Regional Air Quality with Arduino Explore IoT Kit
Heroku sponsored an IoT workshop at our recent CascadiaJS conference. Participants were sent a free Arduino Explore IoT kit to play with prior to the kit being available publicly.
Update: The Arduino Explore IoT kit is now available for purchase.
The workshop started with a nice introduction to the Arduino and how to connect to the Arduino IoT Cloud by Ubi de Feo. Arduino and Heroku also provided code to help people get started, links are below.
I created my own appliance to receive and display air quality and sunrise/sunset information.
In this article, I'll walk through what the kit contains, how to get started, provide links to example code, discuss some helpful information I found along the way, and wrap up with a Thank You to the workshop organizers.
What is the Arduino Explore IoT Kit?
The kit is:
an MKR WIFI 1010 Arduino that supports direct WIFI and Bluetooth access
a brand new MKR IoT Carrier Board which has many sensors and actuators built-in. It includes a 240x240 color display, touch sensors, temperature gauge, humidity gauge, pressure sensor, LED lights, a light sensor, accelerometer, gyroscope, buzzer, relays, SD card, and a battery holder. Plus a separate PIR sensor and plant moisture sensor.
Just plug the two together (and sprinkle in Arudino IoT Cloud features) and you have a platform to easily gather data from sensors, send it to the cloud securely, edit/display/graph data via a web dashboard widgets, and send data back from the cloud to the device.
Getting Started with Explore IoT Kit
When you're done, you'll understand how all the pieces work, and will be ready to tackle your own projects.
Arduino and Heroku created projects for the workshop to help people get started:
The Arduino team wrote an example Node.js app that shows you how to read and send data to Arduino IoT cloud endpoints.
Project to Monitor Air Quality and Sunrise/Sunset Times
For my project I wanted to send information from the web to the device and display it there.
Originally my focus was on sunrise, sunset and moon phase information. Today in the Seattle area (and in most of the US west coast) air quality is very low due to the large number of forest fires in WA, OR and CA so I decided to add Ozone and PM 2.5 pollutant levels using the AirNow API.
The Arduino IoT Cloud is the glue that connects your web service and the IoT device together. You create properties and dashboards on the web, and you can then send data back and forth between the web and the device.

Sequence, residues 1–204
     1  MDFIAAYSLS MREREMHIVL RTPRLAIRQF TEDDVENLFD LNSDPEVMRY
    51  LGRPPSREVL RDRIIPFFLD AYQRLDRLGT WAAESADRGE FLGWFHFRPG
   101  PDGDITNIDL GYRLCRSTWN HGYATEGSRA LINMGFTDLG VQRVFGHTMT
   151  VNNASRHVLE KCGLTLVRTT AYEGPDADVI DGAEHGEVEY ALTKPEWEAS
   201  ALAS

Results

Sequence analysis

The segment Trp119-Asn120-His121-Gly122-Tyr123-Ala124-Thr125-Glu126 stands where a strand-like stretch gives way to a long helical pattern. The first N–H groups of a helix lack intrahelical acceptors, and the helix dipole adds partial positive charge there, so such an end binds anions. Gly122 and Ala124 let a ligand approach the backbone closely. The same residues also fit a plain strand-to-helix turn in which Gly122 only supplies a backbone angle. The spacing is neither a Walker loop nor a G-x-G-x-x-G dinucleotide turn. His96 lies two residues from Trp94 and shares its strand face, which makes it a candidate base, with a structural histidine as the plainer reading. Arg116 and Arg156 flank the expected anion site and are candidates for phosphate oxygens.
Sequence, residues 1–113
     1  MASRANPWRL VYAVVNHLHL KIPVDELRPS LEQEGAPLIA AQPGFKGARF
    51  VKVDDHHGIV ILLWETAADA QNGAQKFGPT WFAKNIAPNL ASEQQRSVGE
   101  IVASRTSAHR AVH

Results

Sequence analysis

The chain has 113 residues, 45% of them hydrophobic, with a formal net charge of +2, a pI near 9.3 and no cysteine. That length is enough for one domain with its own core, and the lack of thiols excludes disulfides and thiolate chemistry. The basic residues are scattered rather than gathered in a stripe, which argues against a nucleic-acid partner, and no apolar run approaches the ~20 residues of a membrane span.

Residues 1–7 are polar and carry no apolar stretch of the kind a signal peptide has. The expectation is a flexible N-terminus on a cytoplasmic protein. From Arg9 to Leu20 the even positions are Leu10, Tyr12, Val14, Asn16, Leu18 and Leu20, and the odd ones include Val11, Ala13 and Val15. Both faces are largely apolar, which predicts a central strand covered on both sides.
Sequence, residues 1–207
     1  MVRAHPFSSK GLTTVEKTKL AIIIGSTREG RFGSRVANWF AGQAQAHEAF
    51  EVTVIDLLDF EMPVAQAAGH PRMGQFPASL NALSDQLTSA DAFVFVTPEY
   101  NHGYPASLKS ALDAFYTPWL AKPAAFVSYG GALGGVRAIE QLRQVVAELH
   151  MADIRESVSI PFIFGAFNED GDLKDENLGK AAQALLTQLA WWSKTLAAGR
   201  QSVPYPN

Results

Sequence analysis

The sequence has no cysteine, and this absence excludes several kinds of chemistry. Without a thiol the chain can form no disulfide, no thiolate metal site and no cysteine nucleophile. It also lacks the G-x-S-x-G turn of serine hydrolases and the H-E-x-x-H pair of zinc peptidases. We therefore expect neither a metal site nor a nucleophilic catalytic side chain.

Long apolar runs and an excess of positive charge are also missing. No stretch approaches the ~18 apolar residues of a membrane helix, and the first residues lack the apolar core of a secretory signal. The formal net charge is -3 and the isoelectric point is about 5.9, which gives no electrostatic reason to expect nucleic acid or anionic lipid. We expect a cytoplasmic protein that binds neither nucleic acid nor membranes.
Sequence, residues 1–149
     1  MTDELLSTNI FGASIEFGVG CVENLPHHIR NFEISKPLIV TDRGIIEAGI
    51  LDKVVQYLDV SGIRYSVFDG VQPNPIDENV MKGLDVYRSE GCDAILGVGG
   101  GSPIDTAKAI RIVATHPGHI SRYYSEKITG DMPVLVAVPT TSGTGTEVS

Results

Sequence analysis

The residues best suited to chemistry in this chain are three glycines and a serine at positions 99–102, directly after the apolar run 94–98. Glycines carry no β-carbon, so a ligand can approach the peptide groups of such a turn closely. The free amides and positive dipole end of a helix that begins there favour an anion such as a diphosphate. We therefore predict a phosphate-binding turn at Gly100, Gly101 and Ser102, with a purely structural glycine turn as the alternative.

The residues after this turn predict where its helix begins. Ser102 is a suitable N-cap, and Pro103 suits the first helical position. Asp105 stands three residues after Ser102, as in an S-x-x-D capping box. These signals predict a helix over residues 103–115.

So the major steps are:
- Setup properties and create a dashboard of widgets on IoT Cloud.
At this point, you have a working device connected to the cloud, and you can manually update properties in the IoT Cloud Dashboard and see your device update as they change!
- Write an application that gathers the data you need and update those same properties programmatically. I wrote a Node.js service hosted on Heroku which calculates sunrise/sunset and also gathers air quality information from the AirNow API. I scheduled a recurring task that grabs latest data and pushed it to the IoT Cloud. My code can be found at github.com/briangershon/sunrise-arduino-iot-cloud.
Helpful information I discovered along the journey
Here are discoveries I made along the way.
How to Update the Firmware
The device notified me (in a serial port message) that my firmware was out-of-date and recommended to update the firmware to v1.4.1. Mine was v1.2.3
Can I update using the online sketch editor? The answer is no from what I can tell. You need to download the actual Arduino IDE.
Also when I downloaded the latest stable version of IDE, it didn't have the newest beta firmware.
Here are the steps to upgrade:
Download an hourly build of the IDE. It's not recommended you use the non-release IDE for day-to-day development, but the hourly builds have the newest device firmware versions. Though if you do indeed want latest stable version, just download the stable version of the IDE.
Follow the WiFiNINA Firmware Updater instructions.
Color Display Features
I couldn't find much info about the display. The lessons had example code, but didn't mention the resolution, and only demonstrated displaying text. I wanted to draw graphics as well. Playing around, I discovered it's a 240x240 display.
Arduino nicely leverages existing libraries and I discovered the Adafruit GFX Graphics Library reference and commands like
carrier.display.drawLine(5, 5, 100, 100, ST77XX_WHITE);
Updating IoT Cloud Programatically
This was my first experience using Arduino IoT Cloud and it went well.
Though later I discovered a higher-level arduino-iot-js library that I'd use next time.
Visit the general API Docs for additional help, as well as to find Python and Golang libraries.
I appreciated the opportunity to play with Heroku, Arduino Explore IoT kit, and Arduino IoT Cloud -- and pulling all of this technology together into a cloud-powered IoT device. I'm inspired by the CascadiaJS, Arduino and Heroku communities and look forward to my next project!